Knight International journalism fellow and open-data advocate Justin Arenstein says the rise of digital platforms holds big surprises in store for SA media.
Justin Arenstein, 42, is an award-winning journalist, digital media strategist and media rights activist who believes the media's role may become less one of reportage and more one of analysis as digital media grows and traditional media is forced to adapt or close shop.
Key to the shift that Arenstein believes is already underway is "data journalism", which requires data of all kinds to be made available to the public.
...Kenya-based Arenstein spends about a week a month in SA and the rest of the time travelling around Africa working for Google and the Washington-based International Center for Journalists.
...Arenstein then started African Eye News Service (AENS) and worked for the Sunday Times
and the Mail & Guardian
. Sharon Hammond, another former Caxton employee and now Arenstein's life partner, resigned in protest at Arenstein's dismissal. The two sued, won, and used the money to grow the news agency.
..."We established ourselves as a staff-owned, journalist collective," says Arenstein. "Then we started signing up members in 16 countries all over sub-Saharan Africa, as far north as Kenya." It wasn't long before big news agencies such as the SA Press Association and Agence France-Presse were picking up AENS content.Media activism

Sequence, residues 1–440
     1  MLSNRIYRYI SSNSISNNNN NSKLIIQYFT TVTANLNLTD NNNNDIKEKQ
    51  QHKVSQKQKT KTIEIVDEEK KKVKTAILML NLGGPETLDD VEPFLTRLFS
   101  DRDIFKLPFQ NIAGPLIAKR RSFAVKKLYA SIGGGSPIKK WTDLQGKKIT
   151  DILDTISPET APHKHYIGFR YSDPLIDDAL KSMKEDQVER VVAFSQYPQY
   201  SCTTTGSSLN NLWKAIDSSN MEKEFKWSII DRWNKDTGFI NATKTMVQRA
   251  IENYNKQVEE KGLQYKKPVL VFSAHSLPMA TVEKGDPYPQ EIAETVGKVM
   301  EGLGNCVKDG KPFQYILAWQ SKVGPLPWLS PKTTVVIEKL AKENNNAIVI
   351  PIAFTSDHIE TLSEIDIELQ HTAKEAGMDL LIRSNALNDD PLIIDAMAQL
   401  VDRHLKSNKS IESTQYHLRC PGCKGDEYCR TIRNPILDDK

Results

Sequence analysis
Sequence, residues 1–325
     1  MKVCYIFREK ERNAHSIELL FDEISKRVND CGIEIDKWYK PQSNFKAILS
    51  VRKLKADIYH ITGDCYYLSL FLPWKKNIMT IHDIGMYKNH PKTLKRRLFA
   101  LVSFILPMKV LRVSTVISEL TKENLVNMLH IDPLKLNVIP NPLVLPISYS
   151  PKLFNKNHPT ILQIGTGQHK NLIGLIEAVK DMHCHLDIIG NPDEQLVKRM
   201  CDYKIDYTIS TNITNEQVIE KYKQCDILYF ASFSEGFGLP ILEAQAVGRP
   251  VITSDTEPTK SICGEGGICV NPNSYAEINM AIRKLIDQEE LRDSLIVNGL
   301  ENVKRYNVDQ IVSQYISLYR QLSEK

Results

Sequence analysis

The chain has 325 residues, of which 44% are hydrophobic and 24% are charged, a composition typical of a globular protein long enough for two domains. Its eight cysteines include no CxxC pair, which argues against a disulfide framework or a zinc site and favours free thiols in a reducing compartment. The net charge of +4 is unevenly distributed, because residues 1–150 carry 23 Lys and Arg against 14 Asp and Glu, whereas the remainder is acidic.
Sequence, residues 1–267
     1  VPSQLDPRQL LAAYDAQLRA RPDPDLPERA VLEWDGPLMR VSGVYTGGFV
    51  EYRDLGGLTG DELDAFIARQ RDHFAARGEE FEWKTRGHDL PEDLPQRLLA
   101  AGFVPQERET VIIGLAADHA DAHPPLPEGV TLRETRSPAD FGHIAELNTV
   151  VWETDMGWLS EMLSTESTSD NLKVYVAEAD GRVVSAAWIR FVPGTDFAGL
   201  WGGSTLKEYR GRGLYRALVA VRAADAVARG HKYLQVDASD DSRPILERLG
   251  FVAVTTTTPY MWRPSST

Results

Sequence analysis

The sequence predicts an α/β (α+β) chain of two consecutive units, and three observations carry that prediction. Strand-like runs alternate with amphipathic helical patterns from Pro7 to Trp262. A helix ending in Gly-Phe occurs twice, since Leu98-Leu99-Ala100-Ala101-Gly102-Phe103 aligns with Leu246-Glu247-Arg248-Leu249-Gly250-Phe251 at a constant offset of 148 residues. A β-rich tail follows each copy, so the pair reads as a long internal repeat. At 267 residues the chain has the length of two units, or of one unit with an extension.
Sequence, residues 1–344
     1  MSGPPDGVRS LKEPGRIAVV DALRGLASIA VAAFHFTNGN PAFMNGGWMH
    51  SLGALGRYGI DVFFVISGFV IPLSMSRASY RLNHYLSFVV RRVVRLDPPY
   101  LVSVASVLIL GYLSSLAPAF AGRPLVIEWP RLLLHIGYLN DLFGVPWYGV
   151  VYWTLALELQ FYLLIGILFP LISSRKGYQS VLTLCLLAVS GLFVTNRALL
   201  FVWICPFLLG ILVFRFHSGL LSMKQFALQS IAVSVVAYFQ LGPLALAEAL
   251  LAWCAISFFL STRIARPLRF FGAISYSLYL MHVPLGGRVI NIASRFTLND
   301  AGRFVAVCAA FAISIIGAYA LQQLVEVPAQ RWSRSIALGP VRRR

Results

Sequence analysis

Arenstein shifted his focus to media activism and to creating networks and organisations to improve the quality and sustainability of investigative journalism.
This led to him cofounding the Forum for African Investigative Reporters, the Association for Independent Publishers - a township association of media owners seeking equal access to premium rates - and Safrea, the SA Freelancers Association, which seeks to set minimum rates for freelancers and set up guidelines for issues like copyright.
..."It's not just publishers or broadcasters that control the public's access to information," Arenstein says. "Behind each media vehicle are advertising procurement agencies, distribution companies, or even printers that are owned or beholden to large media companies. If you're a small player and you're not in one of the big cities it's a struggle to get any face time with these gatekeepers."
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